Burbank! Come to an emergency City Hall meeting on 10/29 to deal with the city's eviction crisis!

Originally published at: https://boingboing.net/2019/10/19/oct-26-city-hall-6pm.html

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In before “sigh, it’s just supply and demand, Cory” and “you don’t appreciate how hard it is to be a landlord in a hot market”.

Burbank (at least in the post-sundown-town form I’ve known it) has always struck me as nicely balanced community, with creative- and working-class people and long-time elderly homeowners and young families all living side by side. It really would be a shame if it became yet another unaffordable enclave of trustafarians, media-industrial complex apex predators, and elderly empty-nesters who bought their homes at the right time.

Also, what a beautiful description of the WPA city hall: “a temple to solidarity and good governance”. If I were in town next week I’d come out to the meeting just to see it, and probably will make a special stop the next time I’m in beautiful downtown Burbank.

ETA: Santa Monica city hall is another beauty in this vein. And now I’ve found a whole site dedicated to the “living New Deal”. There goes my morning:




This is why I’m an advocate of laws that restrict or highly curtail corporate ownership of residential property. At the very least there should be a set of tenant protections that are much more strict/harsh if the building is owned by a corporation - making it only attractive to someone who is actually interested in the business of being a landlord - and not just looking for a quick investment.


Can we get a “don’t be evil” act passed in this country, where completely unethical and immoral shit like this can be reversed on a dime and the companies doing it are fined into oblivion?

Seriously, this “if it’s not illegal, then go for it in the name of profit!” attitude of the law needs to come to an end or within 40 years we’re either going to be in a state of open class warfare (the real kind, with guns) or de facto slavery.


I would agree with all of that, based on 40 years of being Burbank-adjacent. And like many Greater LA locations, it has steadily, substantially improved in that time. It’s a much nicer place now than it was 40 years ago,and it wasn’t bad then.


… is an almost pitch-perfect capsule description of “The People’s Republic of Santa Monica”, another independent city in the LA area.

One thing I find particularly striking about the contrast, which I offer for consideration without further comment or conclusion, is that Burbank has never previously had a rent-control ordinance,while Santa Monica has one of the oldest and strictest rent-control ordinances in the region.

Maybe just happenstance, and certainly not the only contributing factor, but I do find the contrast thought-provoking.


It’s the difference between feeling you have to pretend your city is equitable and actually having an equitable city.

Listen to the local residents speaking at any People’s Republic of Santa Monica city council meeting on KCRW and you quickly learn where their true priorities lie.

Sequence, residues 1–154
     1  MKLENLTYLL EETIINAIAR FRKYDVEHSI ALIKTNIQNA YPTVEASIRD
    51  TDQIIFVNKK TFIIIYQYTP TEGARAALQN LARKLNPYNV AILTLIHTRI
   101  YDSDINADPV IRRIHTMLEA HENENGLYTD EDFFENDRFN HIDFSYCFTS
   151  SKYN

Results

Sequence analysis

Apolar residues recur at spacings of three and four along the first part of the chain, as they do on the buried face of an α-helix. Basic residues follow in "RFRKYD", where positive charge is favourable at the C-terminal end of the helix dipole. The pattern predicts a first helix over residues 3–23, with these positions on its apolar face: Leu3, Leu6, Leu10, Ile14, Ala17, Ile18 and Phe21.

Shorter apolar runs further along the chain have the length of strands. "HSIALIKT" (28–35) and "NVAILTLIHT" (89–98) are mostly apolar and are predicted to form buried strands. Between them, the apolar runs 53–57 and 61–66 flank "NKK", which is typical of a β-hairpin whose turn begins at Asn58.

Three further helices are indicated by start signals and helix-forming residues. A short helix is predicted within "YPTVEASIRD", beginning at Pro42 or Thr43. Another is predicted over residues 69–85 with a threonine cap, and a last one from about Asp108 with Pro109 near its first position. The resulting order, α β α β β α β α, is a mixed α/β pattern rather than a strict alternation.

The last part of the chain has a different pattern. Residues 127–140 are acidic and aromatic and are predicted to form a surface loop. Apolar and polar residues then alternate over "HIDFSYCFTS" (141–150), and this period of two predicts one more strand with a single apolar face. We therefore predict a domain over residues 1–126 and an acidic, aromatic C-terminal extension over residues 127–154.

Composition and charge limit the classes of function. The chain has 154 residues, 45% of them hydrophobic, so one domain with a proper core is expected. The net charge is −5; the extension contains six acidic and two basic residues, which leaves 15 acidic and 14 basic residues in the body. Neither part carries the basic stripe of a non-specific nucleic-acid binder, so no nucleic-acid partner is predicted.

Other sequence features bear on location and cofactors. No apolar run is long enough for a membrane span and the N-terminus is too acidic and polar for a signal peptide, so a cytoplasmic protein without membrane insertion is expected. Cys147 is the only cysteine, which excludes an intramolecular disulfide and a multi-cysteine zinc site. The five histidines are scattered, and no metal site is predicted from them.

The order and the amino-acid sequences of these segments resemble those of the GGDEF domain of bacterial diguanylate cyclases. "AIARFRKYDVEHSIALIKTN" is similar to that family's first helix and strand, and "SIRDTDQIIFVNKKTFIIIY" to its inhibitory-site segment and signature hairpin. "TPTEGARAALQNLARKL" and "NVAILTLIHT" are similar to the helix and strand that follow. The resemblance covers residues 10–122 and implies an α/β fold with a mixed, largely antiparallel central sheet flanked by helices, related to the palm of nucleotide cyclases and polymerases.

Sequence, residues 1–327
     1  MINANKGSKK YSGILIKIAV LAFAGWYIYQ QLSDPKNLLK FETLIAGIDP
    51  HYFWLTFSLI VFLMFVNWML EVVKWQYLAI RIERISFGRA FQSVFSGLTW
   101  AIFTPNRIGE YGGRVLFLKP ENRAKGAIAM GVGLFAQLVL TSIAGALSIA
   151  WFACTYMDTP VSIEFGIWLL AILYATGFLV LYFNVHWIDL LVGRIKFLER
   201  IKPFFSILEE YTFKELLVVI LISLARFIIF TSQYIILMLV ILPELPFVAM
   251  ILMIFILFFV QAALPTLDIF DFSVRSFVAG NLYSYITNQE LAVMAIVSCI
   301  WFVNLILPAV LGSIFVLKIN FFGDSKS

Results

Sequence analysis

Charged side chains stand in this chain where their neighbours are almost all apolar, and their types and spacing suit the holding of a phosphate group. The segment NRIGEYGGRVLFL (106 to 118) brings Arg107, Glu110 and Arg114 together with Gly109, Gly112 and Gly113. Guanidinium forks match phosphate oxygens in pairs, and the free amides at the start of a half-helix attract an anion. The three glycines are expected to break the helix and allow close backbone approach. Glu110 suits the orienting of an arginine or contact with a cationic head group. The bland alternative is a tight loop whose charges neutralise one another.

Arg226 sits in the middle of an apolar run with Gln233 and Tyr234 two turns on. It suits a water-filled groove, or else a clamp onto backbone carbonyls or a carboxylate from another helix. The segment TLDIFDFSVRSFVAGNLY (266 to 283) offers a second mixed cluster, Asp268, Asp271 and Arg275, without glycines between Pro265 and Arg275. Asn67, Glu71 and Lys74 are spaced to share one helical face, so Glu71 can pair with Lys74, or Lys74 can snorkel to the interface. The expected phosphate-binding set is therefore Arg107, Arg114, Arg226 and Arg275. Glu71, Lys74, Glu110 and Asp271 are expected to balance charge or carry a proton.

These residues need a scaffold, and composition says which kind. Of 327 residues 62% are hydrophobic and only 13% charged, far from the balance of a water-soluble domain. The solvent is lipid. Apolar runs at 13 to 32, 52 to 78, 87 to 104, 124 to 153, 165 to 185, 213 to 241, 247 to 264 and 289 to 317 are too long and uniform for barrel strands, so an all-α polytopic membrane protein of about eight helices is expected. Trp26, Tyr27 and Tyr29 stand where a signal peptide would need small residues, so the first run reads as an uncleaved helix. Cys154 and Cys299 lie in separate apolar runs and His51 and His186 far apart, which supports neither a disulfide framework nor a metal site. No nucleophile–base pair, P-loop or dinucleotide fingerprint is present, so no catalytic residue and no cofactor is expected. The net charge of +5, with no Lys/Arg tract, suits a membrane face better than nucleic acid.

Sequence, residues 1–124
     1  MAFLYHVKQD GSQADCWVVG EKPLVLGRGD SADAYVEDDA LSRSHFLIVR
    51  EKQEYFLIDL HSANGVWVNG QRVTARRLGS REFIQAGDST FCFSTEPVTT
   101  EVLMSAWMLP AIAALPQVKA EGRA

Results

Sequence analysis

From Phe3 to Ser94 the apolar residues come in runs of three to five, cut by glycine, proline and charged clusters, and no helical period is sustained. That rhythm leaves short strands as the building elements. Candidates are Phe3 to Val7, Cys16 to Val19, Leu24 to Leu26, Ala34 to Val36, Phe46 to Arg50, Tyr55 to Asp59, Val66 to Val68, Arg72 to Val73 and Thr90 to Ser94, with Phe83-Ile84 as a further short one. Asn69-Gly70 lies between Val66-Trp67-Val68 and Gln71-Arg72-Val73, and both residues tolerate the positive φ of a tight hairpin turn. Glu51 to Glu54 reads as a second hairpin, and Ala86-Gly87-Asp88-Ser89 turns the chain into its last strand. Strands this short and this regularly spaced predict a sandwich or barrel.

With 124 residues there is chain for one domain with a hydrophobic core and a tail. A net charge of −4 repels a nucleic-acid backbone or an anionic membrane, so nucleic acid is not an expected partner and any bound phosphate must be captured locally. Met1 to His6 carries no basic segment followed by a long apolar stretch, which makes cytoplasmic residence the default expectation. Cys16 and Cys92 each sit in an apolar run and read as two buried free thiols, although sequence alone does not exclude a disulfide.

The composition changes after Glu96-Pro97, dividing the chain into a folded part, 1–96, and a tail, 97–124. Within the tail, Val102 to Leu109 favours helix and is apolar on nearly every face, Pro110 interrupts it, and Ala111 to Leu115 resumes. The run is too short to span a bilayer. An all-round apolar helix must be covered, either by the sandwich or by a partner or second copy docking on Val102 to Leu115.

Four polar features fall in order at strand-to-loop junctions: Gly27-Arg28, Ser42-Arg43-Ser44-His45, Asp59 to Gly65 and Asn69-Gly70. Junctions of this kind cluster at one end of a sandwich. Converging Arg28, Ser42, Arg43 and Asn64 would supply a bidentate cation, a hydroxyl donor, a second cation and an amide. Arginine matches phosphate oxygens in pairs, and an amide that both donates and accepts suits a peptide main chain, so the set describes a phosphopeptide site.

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I think the hedge funds would say, “This isn’t “evil”; this is “Capitalism”! The system is working exactly as planned! Now, geddoff my property by sundown, or I’ll release the hounds!” Fuckers.


Certainly they shouldn’t be able to own over a certain percentage of single family dwellings or smaller multi family dwellings in a given market area.


In my opinion the rent cap should have been more like 3% plus inflation, but they should have at least allowed for a one-time increase to market rate for those landlords that have been nice enough to not gouge their tenants. And they should have made the anti-eviction provision go into effect immediately so these blanket evictions would not happen.

It is a poorly written law in many ways. Everyone knew that it would cause a wave of evictions as property owners that were charging less than market rate emptied their units so they could bring them up to market rate so they would have a higher base rate for the rent caps.

Probably the worst part of 1482 is the the “5% plus inflation” provision. While there have been a few well-publicized instances of extreme gouging, the reality is that the average rent increase has been far less than the 7-8% per year that 1482 allows. Now landlords will be using “5% plus inflation” as the new norm for annual increases, especially because a) they can’t bank unused increases, and b) there is no provision for appeals for increases made necessary high-cost maintenance expenses.

At least since 7-8% is higher than average rent increases have been we won’t have property owners exiting the rental business and doing Ellis Act conversions unless they are faced with high-cost maintenance bills for unexpected expenses.

We currently have a housing surplus in California, with 10% more housing units than households. But the surplus is in high-cost housing, not in affordable housing. No developer wants to build affordable housing and that’s where we have a severe shortage. 1482 does nothing to address the affordable housing shortage, instead it’s a boon to property owners who now have justification for 7-8% annual rent increases.

SB5 was the one bill that would have addressed the affordable housing shortage. Newsom vetoed it.


Eat the rich! They’re well marbled.


Some Monday mornings it is hard to explain to people in the office why I am giggling uncontrollably. Thank you for a giggle out loud.


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